called the Coastal Regulation Zone, and is regulated for
developmental activities
BUFFERS FOR VARIOUS ACTIVITIES
(URDPFI Guidelines,2014)
Parameters
Buffer Zone
Manmade hazard
zones such as
radioactive,
chemical and gas
treatment /
processing /
distribution lines
Chemical Industry
Development of buffer zones all around the industry and establish OffSite responding agencies at an appropriate distance from the new
installations.
Nuclear Plants
Exclusion zone: 500 Ha maintained as vacant space and developed as a
green belt area.
Sterilised Zone: Area of 5 km radius.
No restriction is imposed by the plant on organic development activities
of population in the annulus between 1.5 and 5 kms. No influx of large
population in this area
Population Restriction:
Population density within 10 km radius: Less than two-third of state
average;
Population within sterilised zone (5Km radius) Less than 20,000;
Population centres with more than 10,000 persons more than 10 km
away;
Population centres with more than 100,000 person) more than 30 km
Some Examples of Good Practices in Disaster Reduction in
the context of Urban Planning Practice.
BHUJ
Pre-disaster scenario
layout of a sample block
narrow roads with dead ends,
irregular plots hinder immediate relief
action disaster
evacuation process rendered difficult.
Post disaster planning
layout of a sample block
wide roads with loop roads,
regular plots, easy access and conducive
to immediate action
evacuation easy.
Good Practices in Disaster Reduction
Contd...
BHUJ
After the
earthquake, the
State Town
Planning
Department
redeveloped the
area through Town
Planning Scheme
with following
features which
mitigates disaster.
Well connected roads with fewer dead-ends.
Increased width of road.
Provision of Open spaces.
Plots are regular with restrictions on height.
PLANNING TOWN & SETTLEMENT:
ANDAMAN AND NICOBAR ISLANDS
Ministry of Urban Development took the
initiative to ensure that the Layout Plans for
Permanent Settlements in A & N Islands are
taken up in accordance with current town
planning norms and that these settlements
come up as model townships, catering to the
requirements of all facilities and amenities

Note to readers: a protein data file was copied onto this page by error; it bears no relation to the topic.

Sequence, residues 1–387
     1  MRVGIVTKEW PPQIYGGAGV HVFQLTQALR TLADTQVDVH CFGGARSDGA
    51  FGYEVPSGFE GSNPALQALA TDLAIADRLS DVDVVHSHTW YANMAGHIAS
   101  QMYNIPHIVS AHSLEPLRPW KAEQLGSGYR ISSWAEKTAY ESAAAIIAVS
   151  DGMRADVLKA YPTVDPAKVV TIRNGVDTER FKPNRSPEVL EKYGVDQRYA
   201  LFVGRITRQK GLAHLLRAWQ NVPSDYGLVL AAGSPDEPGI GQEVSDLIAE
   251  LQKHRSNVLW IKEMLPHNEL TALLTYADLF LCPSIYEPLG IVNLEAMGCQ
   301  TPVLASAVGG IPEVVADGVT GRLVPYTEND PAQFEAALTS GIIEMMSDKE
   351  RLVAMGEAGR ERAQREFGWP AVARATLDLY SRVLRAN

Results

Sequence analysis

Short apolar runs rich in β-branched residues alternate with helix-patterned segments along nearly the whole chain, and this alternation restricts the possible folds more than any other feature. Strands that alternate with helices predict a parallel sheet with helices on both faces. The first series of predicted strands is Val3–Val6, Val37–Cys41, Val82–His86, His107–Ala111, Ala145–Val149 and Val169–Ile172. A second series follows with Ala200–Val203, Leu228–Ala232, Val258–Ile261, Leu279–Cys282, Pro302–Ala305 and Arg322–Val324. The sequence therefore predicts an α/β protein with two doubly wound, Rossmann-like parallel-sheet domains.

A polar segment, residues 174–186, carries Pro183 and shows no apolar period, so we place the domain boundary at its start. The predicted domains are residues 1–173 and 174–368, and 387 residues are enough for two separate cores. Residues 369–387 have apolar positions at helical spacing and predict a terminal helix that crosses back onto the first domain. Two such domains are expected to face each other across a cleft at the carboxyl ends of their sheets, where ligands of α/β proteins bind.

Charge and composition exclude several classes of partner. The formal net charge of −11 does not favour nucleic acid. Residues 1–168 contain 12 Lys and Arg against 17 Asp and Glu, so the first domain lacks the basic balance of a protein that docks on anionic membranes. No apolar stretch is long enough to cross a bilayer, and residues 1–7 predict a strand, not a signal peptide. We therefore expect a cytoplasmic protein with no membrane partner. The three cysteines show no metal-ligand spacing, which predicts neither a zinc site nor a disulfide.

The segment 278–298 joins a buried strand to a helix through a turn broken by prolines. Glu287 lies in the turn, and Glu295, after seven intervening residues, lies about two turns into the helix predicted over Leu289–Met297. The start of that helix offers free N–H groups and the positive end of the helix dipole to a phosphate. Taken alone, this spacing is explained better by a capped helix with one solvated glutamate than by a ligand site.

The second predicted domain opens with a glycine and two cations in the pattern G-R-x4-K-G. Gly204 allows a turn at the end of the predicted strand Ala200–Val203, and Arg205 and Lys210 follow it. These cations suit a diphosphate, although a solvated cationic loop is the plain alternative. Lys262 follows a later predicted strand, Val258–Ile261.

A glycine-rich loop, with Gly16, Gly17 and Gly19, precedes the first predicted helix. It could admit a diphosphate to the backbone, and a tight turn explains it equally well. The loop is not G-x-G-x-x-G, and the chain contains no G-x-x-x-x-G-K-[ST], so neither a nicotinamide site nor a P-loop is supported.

like schools, shopping, health centres, open
spaces, govt. and semi govt. establishments,
etc.
PLANNING TOWN & SETTLEMENT:
ANDAMAN AND NICOBAR ISLANDS
Plans for Permanent Settlements at
72 locations prepared by TCPO have
taken into account topography,
socio-economic
characteristics,
forest resource, etc. and above all
located above 3 m contour and
beyond the maximum run up of
Tsunami so as to minimize the
impact of disaster.
MINISTRY OF URBAN DEVELOPMENT ROLE IN
DISASTER MANAGEMENT
 For protecting the buildings against earthquake, the State
Governments have to incorporate provisions of structural safety and
Fire Protection and Safety Requirements in their respective Building
Bye-laws.
 In order to sensitize the State Governments to take necessary action,
Ministry of Urban Development have already circulated following
documents for the State Governments to adopt provisions:
 Earthquake tips prepared by IIT Kanpur have been circulated to all
the State Governments and the same have been uploaded on the
Ministry of Urban Development website.
 Handbook on Seismic Retrofit of Buildings published by CPWD and
IIT, Chennai has been circulated to the State Governments so as to
adopt anti-seismic technology in all types of buildings.
MINISTRY OF URBAN DEVELOPMENT ROLE IN
DISASTER MANAGEMENT
 Reports of the Committee of Experts under National Seismic Advisor
which have suggested appropriate amendments to the Town and
Country Planning Acts and Building Bye-Laws to include seismic
safety and landuse zoning regulations for hazard prone areas have
been circulated to State Government.
 A National Workshop on incorporating the provisions related to
Natural Hazards in State Town and Country Acts, Zoning Regulations
and Building Bye-laws in accordance with the recommendations of
the Prof. Arya Committee Report was held on 27.1.2013. to sensitize
State Government representatives.
(Action Taken Report on the recommendations of the Committee)
WAY FORWARD
 Most of the State Government have amended Building Bye
- Laws by incorporating provision for Structural Safety.
 States need to amend their Town and Country Planning
Act to incorporate the Prof. Arya Committee report.
 For all Master Plans which are either being revised or
newly formulated, a chapter on Disaster management has
to be included.
 Disaster Management Plan to be prepared for all the cities
detailing out areas vulnerable to disaster and accordingly
make recommendations for Disaster Mitigation.
THANK YOU